November 17, 2016

Con Artist Brought to Justice

Arizona Woman Faked Cancer, Scammed Veterans 

Fradulent Doctor's Letter Created by Chalice Zeitner

This fraudulent document, created by Chalice Zeitner and entered into evidence at her trial, falsely stated she had cancer and needed life-saving surgery by a certain date. She used this letter to receive a state-funded, late-term abortion.

An Arizona con artist will be spending the next 25 years behind bars after being convicted of 18 felonies in two separate trials related to her faking cancer and brazenly scamming veterans’ charities out of thousands of dollars.

Chalice Zeitner’s crimes were so outrageous, said FBI Special Agent Heather Rivera, “it’s unlike anything I have ever seen before.”

Zeitner, who skipped town and changed her name when she thought the heat was on, forged medical documents, stole identities, duped her boyfriend and physicians, and fabricated careers that included being a race car driver and a wealthy attorney who owned a law firm in South Africa. Along the way, she left a wake of victims.

Rivera, who investigated the case with Special Agent Suzanne Allen from the FBI’s Phoenix Division, noted that Zeitner seemed to make a career of lies and deception. “Sadly, her path in life was all about defrauding people who trusted her.”


In 2010, Zeitner told her boyfriend she had cancer and was pregnant. Zeitner said she needed to terminate the pregnancy to receive life-saving surgery in Boston. “She told her boyfriend that if she didn’t terminate the pregnancy, she was going to die,” Rivera said. “In reality, she did not have cancer. She was pregnant, but it was not her boyfriend’s child.”

Zeitner then fraudulently created documents from a Boston doctor stating she needed the life-saving surgery by a certain date. She took that document to her Phoenix OB-GYN, who petitioned the hospital to perform a state-funded, late-term abortion so his patient’s life-saving surgery could take place in Boston.

Her OB-GYN “had no reason to think she was lying,” Rivera said, “because who lies about having cancer?”

Shortly after the pregnancy termination, Zeitner’s boyfriend received a social media message supposedly from a family friend named Trinity stating that Zeitner was too proud to ask for help but she wanted to undergo a new type of cancer treatment in Mexico that was expensive. Trinity convinced the boyfriend to fundraise online for the treatment, and he did, raising more than $3,000.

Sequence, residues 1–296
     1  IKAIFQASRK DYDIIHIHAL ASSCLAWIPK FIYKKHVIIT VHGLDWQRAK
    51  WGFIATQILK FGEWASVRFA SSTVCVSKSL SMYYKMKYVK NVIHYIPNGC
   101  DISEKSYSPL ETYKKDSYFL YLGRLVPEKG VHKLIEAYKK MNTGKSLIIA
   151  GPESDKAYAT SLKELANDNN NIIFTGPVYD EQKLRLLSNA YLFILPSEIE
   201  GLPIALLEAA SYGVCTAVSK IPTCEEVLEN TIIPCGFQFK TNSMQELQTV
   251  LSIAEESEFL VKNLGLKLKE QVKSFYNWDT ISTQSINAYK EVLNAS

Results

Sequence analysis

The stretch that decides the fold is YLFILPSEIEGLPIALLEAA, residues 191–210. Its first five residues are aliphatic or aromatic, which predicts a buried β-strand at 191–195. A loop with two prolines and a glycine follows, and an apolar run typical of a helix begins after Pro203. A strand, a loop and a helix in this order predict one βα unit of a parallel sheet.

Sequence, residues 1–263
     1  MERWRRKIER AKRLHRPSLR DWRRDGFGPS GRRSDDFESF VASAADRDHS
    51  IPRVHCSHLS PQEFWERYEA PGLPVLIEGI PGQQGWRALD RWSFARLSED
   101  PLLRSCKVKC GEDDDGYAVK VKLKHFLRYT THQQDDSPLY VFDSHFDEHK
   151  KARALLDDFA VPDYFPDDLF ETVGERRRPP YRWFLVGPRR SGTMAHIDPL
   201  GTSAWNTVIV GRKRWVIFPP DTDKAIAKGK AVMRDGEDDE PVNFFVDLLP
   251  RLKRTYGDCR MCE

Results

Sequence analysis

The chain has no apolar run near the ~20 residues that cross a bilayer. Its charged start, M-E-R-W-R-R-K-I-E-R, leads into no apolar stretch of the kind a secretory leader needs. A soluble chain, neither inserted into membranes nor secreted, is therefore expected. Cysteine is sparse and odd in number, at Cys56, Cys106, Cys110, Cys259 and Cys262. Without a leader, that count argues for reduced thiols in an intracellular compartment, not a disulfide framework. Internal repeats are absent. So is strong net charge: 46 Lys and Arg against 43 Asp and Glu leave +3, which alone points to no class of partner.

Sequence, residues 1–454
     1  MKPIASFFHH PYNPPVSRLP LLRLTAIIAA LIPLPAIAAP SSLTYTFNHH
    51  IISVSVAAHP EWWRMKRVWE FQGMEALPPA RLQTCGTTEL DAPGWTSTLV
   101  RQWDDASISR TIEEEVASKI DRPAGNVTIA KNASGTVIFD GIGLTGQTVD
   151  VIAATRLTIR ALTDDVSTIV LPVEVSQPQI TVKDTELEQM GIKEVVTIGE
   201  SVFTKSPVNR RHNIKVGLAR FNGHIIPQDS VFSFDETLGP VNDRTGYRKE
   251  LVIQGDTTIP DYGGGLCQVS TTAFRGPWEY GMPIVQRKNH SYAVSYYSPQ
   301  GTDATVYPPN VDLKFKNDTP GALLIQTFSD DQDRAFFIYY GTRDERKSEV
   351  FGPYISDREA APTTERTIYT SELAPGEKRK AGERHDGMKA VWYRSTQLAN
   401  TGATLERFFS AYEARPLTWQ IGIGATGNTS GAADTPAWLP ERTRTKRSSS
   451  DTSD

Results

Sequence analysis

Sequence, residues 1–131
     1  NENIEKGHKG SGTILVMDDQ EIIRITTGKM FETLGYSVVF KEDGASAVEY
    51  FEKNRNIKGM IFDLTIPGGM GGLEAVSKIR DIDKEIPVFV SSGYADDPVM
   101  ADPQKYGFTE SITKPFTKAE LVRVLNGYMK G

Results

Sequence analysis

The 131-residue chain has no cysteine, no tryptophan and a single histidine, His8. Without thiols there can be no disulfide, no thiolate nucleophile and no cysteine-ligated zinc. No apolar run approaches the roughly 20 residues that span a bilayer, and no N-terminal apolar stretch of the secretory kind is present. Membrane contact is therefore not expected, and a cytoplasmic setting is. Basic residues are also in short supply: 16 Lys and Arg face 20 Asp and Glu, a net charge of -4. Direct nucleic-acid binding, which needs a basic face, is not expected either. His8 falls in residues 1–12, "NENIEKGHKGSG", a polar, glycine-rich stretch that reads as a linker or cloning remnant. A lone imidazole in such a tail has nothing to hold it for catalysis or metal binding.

“We are thankful that this individual is going to be off the streets for many years and won’t be able to take advantage of anyone else.”

Suzanne Allen, special agent, FBI Phoenix

Trinity, it turned out, was “a fake person Zeitner created to lend legitimacy to the scheme,” Allen said. Eventually, the boyfriend became suspicious when he was unable to meet Trinity in person, and doctors ultimately learned the truth about Zeitner through examinations during a subsequent pregnancy and cesarean delivery: She had never had cancer.

Her OB-GYN reported Zeitner to state medical authorities, and the Arizona Health Care Cost Containment System enlisted the FBI’s help to investigate. By that time, however, Zeitner was long gone, having moved to California and changed her name.

In California, Zeitner befriended a man who ran a charity on behalf of veterans. He hoped to create a motor racing team to help raise money, and Zeitner invented a story to gain his trust. “She claimed to be a race car driver who had connections in the industry,” said Allen. She also claimed to be a highly decorated veteran and falsified a military service record to support her claim. On behalf of the charity, Zeitner started planning—and raising money—for a black-tie gala in Washington, D.C. surrounding Veteran’s Day 2012.

“There is no evidence to back up any of Zeitner’s claims regarding her racing cars or military decorations,” Allen said, but Zeitner was persuasive. Although the gala never took place, before the scam unraveled Zeitner had stolen identities from the man and his family and used them to obtain credit cards to run up $25,000 in personal charges. Another veteran’s charity in Arizona was also scammed out of $15,000.

The FBI caught up with the con artist in May 2015. She had fraudulently changed her name to Al Serkez and was living in Georgia. After her arrest and return to Arizona, she was indicted by the state on 11 counts related to the health care fraud. A few months later, a separate state indictment charged her with defrauding the veterans’ charities.

Zeitner was deemed competent to stand trial. In both cases she mounted no defense but maintained her innocence. In April 2016, she was found guilty on the health care charges—among them, faking cancer to receive a government-funded, late-term abortion. In August 2016, after a separate trial, a jury convicted Zeitner on seven additional felony counts for scamming the veterans’ charities. In September, an Arizona judge sentenced her to more than 25 years in prison.

“We are thankful,” Allen said, “that this individual is going to be off the streets for many years and won’t be able to take advantage of anyone else.”